In yesterday’s blog post (Alan Watts on Self-Discipline and Self-Acceptance), I discussed the duality of yielding flow and unyielding willpower. Today, I want you to consider the real-life consequences of a philosophy that underestimates the forceful power of will:
I understand that my introduction to this video was unfair and misleading. Taoism, which inspired Tai Chi, is more a matter of mindset and intention than of outward behavior.
A Taoist might well train MMA and win a fight by non-doing. Once his reflexes, techniques, and combinations have become his second nature, he may be able to fight in a perfect state of flow—without effortful action, and without getting his head smashed in. (That he would be unlikely to get provoked into a fight in the first place is yet another story.)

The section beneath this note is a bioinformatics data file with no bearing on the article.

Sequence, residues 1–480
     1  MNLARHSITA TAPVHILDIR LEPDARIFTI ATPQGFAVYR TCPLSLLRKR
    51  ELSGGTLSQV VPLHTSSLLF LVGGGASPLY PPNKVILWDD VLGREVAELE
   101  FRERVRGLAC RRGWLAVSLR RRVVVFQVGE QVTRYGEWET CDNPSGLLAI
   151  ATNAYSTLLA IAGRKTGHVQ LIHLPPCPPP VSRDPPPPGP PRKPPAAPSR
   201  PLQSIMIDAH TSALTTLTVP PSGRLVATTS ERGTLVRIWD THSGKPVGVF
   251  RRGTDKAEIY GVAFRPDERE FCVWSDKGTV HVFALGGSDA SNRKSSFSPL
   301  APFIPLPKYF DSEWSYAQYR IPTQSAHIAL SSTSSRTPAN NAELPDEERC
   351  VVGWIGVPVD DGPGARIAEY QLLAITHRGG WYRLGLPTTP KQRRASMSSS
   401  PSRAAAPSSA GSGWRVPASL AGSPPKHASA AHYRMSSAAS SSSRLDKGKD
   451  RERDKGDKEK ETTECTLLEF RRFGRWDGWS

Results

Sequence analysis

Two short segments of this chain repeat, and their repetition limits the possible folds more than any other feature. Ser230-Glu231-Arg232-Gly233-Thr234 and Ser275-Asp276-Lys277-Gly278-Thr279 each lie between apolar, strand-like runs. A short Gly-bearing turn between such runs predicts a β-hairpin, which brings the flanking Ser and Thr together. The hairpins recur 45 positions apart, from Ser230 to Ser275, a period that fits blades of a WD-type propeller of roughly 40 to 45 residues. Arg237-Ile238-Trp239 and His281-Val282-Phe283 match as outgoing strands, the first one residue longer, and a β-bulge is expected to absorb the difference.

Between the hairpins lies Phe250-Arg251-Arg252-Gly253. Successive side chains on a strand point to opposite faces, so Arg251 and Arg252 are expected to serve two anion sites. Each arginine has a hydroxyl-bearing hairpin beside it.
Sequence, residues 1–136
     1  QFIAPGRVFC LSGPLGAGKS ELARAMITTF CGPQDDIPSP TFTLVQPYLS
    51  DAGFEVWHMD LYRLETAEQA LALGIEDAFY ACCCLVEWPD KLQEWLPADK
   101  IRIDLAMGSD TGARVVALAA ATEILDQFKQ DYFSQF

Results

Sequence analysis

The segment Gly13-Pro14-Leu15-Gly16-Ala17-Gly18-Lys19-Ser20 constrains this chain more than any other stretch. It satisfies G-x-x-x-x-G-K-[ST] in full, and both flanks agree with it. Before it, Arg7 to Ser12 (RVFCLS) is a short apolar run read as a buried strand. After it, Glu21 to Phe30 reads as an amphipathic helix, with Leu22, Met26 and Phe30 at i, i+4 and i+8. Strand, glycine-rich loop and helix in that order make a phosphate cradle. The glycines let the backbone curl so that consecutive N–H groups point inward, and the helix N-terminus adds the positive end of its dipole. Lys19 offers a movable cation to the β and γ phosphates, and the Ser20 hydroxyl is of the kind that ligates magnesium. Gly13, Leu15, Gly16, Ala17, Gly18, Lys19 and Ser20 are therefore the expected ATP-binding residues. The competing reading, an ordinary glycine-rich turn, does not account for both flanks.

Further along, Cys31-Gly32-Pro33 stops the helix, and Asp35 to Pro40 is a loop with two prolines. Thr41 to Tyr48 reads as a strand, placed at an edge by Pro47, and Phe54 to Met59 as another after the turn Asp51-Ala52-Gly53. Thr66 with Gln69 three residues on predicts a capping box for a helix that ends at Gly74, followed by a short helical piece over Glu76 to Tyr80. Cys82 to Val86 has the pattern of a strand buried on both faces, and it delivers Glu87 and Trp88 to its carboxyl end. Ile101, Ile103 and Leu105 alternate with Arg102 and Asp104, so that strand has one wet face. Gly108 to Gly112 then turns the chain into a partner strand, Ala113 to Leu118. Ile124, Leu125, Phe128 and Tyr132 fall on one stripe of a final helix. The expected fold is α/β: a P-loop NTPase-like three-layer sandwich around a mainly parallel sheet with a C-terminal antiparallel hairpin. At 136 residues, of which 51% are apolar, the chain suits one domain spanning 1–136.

Practically, however, we may doubt that non-action is a useful way to approach training as a whole. As a jiu-jitsu practitioner, I am aware of the power of going with the flow and effortless action (not using forced muscle strength etc.), but there is more to it than that.
For example, it seems naive to assume that the fighting skills that allow me to enter a flow state would come without any force of will. Showing up for regular training and getting in thousands of repetitions is not something that always happens naturally without internal struggle.
Then again, wouldn’t it be ideal if it did happen like that—with ease, with a cool mind: not thinking about doing, just doing; not thinking about training, just training? Maybe. And wouldn’t that ideal be wu wei after all? Maybe.